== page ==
Frans Hals (Dutch, c. 1581-1666), Portrait of a Woman, possibly Aeltje Dircksdr. Pater , 1638, oil on canvas, Framed: 82 x 67 x 6.5 cm (32 1/4 x 26 3/8 x 2 1/2 in.); Unframed: 66.5 x 52.3 cm (26 1/8 x 20 9/16 in.). Purchase from the J. H. Wade Fund, 1948.137 © The Cleveland Museum of Art.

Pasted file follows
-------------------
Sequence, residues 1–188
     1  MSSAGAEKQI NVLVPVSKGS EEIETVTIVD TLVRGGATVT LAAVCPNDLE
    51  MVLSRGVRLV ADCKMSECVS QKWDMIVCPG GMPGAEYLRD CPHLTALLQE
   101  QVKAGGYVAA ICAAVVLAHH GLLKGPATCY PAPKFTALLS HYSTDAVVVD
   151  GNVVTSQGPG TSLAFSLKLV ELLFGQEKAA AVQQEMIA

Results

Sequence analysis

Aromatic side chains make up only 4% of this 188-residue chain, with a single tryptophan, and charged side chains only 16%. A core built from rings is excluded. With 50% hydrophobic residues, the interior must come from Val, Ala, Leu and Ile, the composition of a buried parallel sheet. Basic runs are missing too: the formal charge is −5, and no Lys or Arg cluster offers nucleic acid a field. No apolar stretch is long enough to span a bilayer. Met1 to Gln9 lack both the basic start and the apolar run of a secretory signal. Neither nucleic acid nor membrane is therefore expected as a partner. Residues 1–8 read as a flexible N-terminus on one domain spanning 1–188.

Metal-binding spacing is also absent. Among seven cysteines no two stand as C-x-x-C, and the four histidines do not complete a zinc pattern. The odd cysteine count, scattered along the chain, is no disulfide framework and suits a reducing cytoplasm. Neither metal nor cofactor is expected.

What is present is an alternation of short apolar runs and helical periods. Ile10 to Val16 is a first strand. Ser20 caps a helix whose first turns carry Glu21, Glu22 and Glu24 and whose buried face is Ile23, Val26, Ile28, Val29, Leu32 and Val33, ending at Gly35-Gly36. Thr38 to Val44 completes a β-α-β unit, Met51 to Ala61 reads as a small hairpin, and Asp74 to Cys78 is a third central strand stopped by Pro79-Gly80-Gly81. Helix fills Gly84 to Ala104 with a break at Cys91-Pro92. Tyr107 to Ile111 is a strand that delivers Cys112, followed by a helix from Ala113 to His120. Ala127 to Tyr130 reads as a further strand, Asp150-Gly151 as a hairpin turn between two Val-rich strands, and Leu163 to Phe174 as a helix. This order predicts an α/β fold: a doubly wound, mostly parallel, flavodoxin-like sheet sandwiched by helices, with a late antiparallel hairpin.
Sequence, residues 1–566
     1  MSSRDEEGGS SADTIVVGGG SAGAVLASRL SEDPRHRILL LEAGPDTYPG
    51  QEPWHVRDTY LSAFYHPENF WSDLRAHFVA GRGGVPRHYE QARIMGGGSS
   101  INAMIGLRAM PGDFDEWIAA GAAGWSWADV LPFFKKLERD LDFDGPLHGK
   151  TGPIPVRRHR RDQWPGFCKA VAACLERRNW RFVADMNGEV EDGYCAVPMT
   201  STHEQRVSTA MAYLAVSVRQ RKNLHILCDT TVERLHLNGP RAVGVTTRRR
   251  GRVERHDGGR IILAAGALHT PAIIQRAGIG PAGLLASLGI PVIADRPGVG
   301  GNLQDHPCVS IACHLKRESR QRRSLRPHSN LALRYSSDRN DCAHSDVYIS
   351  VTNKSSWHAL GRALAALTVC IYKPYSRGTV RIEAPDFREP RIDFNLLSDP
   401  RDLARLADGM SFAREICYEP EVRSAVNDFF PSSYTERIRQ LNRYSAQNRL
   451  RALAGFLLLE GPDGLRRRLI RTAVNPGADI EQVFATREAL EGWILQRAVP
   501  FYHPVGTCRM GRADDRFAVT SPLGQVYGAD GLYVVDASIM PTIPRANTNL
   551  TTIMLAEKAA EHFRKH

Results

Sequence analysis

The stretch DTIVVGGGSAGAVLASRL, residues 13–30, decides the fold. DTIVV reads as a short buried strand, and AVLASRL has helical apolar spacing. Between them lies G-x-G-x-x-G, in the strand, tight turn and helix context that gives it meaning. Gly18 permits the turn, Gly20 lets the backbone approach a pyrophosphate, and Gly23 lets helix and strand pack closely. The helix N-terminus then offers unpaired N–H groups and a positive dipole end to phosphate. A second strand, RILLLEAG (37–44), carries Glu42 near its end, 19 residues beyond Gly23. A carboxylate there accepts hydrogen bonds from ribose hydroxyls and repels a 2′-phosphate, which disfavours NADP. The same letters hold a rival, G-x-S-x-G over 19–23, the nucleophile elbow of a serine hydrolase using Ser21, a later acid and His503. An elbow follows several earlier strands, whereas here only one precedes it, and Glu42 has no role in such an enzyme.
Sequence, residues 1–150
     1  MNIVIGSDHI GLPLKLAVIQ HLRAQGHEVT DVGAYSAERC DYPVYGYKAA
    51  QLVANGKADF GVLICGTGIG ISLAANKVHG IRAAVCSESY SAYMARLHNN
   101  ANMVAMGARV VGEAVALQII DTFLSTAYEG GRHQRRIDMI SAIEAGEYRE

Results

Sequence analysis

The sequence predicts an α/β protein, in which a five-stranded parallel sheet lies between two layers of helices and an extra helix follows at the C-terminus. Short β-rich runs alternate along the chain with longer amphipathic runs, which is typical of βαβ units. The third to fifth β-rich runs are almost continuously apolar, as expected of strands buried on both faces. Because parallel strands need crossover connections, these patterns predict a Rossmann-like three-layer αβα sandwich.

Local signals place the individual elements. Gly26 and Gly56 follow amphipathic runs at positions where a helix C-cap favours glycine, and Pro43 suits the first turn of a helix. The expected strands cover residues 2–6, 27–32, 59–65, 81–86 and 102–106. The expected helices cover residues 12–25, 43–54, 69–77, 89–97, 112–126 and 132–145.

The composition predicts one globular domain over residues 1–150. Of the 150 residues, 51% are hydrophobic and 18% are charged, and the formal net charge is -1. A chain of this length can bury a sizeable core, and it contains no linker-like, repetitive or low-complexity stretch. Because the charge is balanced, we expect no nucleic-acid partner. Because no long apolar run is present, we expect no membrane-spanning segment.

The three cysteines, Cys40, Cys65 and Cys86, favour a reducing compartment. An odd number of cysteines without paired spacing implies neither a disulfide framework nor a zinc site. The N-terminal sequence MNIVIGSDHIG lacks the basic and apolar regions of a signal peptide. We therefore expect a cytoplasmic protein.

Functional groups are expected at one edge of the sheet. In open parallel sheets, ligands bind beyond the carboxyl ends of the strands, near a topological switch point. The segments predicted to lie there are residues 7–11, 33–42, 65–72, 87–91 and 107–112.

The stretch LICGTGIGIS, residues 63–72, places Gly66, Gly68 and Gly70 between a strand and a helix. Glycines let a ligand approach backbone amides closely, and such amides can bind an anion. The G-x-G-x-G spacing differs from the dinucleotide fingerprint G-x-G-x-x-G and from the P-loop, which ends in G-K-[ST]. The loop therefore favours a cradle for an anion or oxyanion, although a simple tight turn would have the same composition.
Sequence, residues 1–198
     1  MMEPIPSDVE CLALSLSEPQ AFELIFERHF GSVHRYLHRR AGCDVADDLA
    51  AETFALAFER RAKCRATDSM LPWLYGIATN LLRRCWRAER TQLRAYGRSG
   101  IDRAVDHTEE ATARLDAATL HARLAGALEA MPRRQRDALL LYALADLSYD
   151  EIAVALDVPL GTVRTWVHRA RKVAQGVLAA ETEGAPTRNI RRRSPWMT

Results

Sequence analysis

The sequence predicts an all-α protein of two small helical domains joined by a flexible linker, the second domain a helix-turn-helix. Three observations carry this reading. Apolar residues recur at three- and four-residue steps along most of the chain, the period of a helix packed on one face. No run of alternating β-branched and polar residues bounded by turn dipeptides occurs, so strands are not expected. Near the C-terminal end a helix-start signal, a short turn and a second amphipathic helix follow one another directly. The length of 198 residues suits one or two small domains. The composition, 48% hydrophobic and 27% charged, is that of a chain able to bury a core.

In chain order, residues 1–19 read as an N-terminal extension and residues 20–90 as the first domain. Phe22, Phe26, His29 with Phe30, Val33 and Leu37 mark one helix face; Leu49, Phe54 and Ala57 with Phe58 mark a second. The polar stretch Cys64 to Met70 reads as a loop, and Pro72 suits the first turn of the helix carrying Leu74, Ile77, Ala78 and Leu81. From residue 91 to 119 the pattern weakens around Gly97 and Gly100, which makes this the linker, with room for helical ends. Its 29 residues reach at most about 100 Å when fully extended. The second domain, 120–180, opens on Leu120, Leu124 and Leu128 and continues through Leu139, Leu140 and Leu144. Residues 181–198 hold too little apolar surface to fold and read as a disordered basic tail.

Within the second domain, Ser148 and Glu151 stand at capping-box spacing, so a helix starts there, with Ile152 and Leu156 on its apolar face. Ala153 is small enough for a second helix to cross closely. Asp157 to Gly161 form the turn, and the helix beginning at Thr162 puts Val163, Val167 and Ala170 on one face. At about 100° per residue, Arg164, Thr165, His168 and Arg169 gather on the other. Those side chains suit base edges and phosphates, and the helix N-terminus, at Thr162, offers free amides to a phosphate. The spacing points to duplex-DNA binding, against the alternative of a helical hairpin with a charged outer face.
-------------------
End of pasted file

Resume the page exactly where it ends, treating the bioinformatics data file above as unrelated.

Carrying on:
Some portraits like that of Tieleman Roosterman (in the middle of this wall) display the bravura strokes we associate with Hals, while this work shows him experimenting with tighter handling. Hals often painted “wet-into-wet,” not allowing the paint to dry before applying additional layers. In the figure’s hairline, blended strokes create convincing strands of hair that seem to issue from her forehead. Hals drags layers of paint around her left eye to create fleshy contours as she raises her brow to catch our attention. That active engagement with the spectator animates the woman, who seems to be caught in a moment rather than posed.